Editor’s note: solar PV and wind energy use a ton less water than their electricity counterparts (nuclear, coal, oil, and combined cycle power plants).
Despite the imminent landfall of Hurricane Isaac in the Gulf Coast, the United States is currently experiencing its worst drought in decades, as measured by the U.S. National Oceanic and Atmospheric Administration (NOAA). Droughts have relatively well-understood impacts on food crops and markets. But droughts can also affect energy markets. A significant amount of corn production is used to produce ethanol, which makes up about 10% of the motor gasoline pool by volume and provides 6%–7% of the gasoline’s energy content. And since the generation of electricity can be very water-intensive, droughts affect the power sector.
Drastically reduced rainfall and triple-digit temperatures throughout much of the nation have damaged corn and other crops, which will have significant impacts on supplies and prices for animal feed, livestock, meat and dairy products, and processed grain products, including ethanol. The drought has also disrupted the transportation of some commodities, such as petroleum and coal, that are delivered by barges on the Mississippi River. The U.S. Army Corps of Engineers has reported groundings of traffic along the Mississippi River due to low water depths, and NOAA has stated that portions of the Mississippi River south of Memphis are below the 1988 low-water level. Droughts can also create reliability concerns for electric power plants. Increased temperatures drive demand for electricity to cool homes and businesses, but lower water levels can affect the operation of many thermoelectric power plants.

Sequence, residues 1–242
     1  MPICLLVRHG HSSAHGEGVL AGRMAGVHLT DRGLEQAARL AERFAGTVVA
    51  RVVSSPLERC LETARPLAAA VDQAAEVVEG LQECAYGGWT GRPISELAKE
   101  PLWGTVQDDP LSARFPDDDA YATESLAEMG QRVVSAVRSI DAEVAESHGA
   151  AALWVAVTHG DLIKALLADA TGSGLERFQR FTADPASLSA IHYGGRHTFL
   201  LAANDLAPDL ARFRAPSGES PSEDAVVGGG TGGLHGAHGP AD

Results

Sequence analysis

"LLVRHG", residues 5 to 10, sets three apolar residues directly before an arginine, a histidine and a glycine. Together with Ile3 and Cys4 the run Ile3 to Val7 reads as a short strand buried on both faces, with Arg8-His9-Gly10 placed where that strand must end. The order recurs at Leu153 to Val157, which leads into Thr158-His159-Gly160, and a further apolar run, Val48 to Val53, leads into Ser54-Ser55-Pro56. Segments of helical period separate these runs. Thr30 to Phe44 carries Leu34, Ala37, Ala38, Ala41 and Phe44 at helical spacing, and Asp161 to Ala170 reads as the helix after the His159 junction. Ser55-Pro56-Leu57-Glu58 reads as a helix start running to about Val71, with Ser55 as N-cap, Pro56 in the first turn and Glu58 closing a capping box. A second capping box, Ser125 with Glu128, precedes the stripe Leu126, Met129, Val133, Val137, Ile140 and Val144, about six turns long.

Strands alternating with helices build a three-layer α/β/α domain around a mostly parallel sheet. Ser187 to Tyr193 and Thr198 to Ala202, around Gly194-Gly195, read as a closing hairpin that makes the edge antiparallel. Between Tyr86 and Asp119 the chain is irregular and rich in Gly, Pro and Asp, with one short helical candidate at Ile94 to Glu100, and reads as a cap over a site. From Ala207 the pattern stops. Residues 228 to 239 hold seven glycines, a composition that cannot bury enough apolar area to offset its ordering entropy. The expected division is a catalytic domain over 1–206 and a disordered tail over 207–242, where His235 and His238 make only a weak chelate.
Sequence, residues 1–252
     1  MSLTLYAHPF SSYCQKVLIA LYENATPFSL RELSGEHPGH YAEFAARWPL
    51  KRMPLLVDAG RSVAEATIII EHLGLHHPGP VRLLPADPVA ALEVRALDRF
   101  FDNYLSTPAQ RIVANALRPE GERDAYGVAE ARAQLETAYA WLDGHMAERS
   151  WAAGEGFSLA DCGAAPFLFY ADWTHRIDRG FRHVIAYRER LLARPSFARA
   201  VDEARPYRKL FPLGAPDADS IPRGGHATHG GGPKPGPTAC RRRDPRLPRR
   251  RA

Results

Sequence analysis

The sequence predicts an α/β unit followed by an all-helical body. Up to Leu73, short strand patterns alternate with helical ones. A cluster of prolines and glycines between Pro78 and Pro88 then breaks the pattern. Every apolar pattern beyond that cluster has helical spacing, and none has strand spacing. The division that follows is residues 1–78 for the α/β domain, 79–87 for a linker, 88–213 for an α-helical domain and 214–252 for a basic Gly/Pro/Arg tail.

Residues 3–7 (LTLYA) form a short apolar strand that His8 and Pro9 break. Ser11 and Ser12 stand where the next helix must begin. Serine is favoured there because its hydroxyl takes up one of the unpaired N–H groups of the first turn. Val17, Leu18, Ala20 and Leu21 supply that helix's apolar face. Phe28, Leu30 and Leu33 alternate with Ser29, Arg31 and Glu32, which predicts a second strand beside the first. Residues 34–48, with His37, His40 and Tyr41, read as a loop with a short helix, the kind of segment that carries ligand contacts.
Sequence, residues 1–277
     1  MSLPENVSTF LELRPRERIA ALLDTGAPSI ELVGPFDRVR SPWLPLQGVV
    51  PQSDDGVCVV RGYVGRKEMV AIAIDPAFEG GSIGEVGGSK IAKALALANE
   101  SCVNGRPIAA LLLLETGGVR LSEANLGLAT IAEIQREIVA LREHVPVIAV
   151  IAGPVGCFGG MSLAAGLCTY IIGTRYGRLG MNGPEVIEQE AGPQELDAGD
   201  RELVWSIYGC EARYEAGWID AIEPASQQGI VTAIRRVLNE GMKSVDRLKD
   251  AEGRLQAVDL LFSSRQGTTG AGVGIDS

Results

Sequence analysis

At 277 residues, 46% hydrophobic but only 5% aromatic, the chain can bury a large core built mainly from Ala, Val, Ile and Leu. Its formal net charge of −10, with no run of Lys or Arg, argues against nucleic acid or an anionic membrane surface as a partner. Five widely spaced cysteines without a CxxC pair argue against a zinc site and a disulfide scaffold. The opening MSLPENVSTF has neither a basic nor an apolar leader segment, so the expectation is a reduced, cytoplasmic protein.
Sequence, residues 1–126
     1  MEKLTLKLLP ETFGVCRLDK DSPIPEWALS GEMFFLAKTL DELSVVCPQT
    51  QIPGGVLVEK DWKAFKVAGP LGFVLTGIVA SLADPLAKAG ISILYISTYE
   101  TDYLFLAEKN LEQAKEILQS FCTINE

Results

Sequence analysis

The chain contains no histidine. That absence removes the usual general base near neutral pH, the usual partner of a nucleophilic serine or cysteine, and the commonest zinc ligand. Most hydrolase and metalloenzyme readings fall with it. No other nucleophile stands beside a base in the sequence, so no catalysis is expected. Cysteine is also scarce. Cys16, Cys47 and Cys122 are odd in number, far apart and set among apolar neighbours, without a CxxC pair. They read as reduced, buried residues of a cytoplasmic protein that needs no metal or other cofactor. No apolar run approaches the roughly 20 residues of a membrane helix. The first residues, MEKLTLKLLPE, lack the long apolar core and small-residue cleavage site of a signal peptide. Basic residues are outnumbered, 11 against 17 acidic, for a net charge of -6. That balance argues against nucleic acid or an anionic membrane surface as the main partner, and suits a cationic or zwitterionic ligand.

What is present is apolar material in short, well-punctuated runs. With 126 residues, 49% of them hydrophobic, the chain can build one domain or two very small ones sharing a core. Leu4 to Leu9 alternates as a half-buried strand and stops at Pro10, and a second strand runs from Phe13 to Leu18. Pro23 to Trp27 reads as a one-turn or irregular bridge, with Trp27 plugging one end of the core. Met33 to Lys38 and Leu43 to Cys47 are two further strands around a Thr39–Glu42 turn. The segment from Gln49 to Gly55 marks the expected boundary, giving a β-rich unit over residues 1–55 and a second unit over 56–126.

The U.S. Drought Monitor, a joint publication of USDA and NOAA, is currently reporting that large areas of the Midwest and Great Plains regions are experiencing significant drought conditions. NOAA’s Climate Prediction Center (CPC), integrating Drought Monitor data with weather forecasting, is predicting that the drought conditions will remain mostly unchanged through the end of November.
An upcoming series of Today in Energy articles will focus on the impact of the drought on various energy sectors in the United States.
Source: U.S. Energy Information Administration (August 2012).
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